Operational Concerns with Data ONTAP

 Considerations for the use of thin provisioning with FlexVol volumes

Using thin provisioning, you can configure your volumes so that they appear to provide more storage than they have available, provided that the storage that is actually being used does not exceed the available storage.

To use thin provisioning with FlexVol volumes, you create the volume with a guarantee of none. With a guarantee of none, the volume size is not limited by the aggregate size. In fact, each volume could, if required, be larger than the containing aggregate. The storage provided by the aggregate is used up only as data is written to the LUN or file.

If the volumes associated with an aggregate show more storage as available than the physical resources available to that aggregate, the aggregate is overcommitted. When an aggregate is overcommitted, it is possible for writes to LUNs or files in volumes contained by that aggregate to fail if there is not sufficient free space available to accommodate the write.

If you have overcommitted your aggregate, you must monitor your available space and add storage to the aggregate as needed to avoid write errors due to insufficient space.

Aggregates can provide storage to FlexVol volumes associated with more than one Storage Virtual Machine (SVM). When sharing aggregates for thin-provisioned volumes in a multi-tenancy environment, be aware that one tenant's aggregate space availability can be adversely affected by the growth of another tenant's volumes.

For more information about thin provisioning, see the following technical reports:

 NFS Best Practices

Be sure to refer to the Clustered Data ONTAP NFS Best Practices and Implementation Guide for information on how to optimally set up NFS exports for use with the various OpenStack services described in this guide.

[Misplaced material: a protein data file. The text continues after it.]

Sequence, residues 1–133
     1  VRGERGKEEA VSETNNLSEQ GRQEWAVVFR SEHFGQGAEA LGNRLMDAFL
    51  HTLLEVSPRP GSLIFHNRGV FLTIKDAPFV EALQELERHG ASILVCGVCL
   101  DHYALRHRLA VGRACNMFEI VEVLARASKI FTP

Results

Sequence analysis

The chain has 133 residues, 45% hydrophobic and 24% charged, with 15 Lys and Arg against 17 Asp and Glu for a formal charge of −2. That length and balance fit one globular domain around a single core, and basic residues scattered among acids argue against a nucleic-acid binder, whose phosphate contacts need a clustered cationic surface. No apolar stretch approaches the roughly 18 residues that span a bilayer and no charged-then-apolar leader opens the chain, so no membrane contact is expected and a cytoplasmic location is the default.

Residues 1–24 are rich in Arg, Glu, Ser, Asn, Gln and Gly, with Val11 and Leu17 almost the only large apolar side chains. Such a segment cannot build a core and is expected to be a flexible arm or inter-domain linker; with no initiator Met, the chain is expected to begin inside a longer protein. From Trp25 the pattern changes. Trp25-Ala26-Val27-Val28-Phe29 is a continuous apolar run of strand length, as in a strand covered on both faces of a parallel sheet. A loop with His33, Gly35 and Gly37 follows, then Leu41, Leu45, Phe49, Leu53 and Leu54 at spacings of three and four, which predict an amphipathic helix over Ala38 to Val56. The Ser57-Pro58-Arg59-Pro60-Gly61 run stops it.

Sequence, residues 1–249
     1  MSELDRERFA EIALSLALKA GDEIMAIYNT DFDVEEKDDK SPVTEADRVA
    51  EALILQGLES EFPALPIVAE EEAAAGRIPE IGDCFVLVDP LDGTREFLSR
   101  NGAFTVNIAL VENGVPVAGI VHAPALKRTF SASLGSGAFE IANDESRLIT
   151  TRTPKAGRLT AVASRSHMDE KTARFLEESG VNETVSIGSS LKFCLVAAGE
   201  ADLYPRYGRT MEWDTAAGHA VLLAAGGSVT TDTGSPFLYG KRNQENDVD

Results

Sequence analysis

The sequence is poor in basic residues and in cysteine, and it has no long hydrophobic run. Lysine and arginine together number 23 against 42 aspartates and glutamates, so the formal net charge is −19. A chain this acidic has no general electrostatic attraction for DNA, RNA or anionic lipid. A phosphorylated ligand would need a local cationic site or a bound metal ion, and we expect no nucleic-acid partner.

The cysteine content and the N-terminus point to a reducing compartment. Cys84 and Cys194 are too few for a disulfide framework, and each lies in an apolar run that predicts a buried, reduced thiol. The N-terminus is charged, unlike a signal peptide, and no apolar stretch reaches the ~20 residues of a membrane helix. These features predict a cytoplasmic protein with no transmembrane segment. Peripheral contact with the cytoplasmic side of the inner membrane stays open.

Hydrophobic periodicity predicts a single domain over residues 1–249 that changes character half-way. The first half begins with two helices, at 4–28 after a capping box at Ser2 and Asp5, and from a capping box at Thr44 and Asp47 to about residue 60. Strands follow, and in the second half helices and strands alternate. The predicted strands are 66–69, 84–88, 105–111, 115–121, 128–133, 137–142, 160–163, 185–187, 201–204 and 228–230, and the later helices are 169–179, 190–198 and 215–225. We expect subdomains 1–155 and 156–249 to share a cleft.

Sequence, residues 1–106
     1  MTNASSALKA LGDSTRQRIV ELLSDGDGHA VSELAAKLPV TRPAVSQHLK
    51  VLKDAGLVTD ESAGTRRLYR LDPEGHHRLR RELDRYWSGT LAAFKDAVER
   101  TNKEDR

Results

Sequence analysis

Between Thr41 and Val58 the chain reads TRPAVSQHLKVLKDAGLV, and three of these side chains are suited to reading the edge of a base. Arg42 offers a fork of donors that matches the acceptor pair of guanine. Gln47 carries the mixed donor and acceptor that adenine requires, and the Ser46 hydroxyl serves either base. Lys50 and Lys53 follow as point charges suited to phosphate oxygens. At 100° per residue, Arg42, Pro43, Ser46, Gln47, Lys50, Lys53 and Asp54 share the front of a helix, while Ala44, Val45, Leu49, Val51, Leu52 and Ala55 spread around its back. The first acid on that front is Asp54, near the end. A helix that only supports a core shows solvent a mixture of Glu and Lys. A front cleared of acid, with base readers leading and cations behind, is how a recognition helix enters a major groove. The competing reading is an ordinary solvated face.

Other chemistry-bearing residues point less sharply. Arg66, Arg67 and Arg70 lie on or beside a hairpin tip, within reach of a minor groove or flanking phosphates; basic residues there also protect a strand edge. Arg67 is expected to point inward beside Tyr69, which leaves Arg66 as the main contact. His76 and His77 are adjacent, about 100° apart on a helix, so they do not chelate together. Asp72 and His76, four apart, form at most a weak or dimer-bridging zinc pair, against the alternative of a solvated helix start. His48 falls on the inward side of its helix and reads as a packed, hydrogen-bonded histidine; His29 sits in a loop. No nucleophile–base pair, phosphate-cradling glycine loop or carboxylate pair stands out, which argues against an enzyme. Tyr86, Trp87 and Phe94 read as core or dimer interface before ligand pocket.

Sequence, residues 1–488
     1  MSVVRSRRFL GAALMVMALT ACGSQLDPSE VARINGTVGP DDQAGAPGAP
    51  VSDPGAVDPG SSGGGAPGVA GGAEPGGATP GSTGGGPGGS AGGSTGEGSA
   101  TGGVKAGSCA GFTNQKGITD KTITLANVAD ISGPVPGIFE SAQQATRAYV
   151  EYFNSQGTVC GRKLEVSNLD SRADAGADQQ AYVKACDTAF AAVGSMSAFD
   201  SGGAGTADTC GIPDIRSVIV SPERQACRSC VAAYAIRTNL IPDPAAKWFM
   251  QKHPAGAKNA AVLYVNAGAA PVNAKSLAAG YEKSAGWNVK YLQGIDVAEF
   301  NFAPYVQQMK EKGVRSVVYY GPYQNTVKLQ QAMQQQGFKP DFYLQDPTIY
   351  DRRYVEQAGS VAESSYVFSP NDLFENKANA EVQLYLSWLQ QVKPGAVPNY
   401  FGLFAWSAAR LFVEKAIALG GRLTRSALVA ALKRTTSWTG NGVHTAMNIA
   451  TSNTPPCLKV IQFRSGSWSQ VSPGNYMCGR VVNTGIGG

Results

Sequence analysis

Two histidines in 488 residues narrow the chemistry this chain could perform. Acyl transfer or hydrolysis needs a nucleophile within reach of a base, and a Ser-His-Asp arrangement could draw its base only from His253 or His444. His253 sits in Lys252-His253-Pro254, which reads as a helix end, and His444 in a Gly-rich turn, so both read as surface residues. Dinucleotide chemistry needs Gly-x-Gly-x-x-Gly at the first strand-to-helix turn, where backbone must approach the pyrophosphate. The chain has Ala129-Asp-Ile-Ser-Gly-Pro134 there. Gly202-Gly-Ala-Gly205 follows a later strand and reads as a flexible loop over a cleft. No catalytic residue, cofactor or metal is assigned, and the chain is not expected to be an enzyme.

Volume Migration

Volume migration is a new feature added to the OpenStack Block Storage service in the Havana release. Volume migration allows the movement of data associated with a Cinder volume from one storage backend to another, completely transparent to any instances that may have the volume attached. Volume migration is agnostic to the storage protocol used to access the volume, and can be utilized to switch from leveraging iSCSI to NFS, or vice versa, even on the same physical NetApp system.

Please be aware of the following caveats:

  1. Volume migrations can only be performed by a cloud administrator, not a tenant or user.
  2. Migration of volumes that have existing snapshots is not currently allowed. If it is important to retain the data stored in a snapshot for a volume you wish to migrate, one option is to create another Cinder volume from the snapshot (which creates a copy of the snapshot), and then delete the snapshot that is associated with the volume you wish to migrate.
  3. Transparent migration of volumes that are attached to Nova instances are only supported when the Nova instances are running on a hypervisor that supports live migration. NetApp has qualified live migrations with the KVM hypervisor on Ubuntu 13.04 with the Havana release; note that earlier versions of Ubuntu (including 12.04 LTS) are known to not support migration of attached volumes.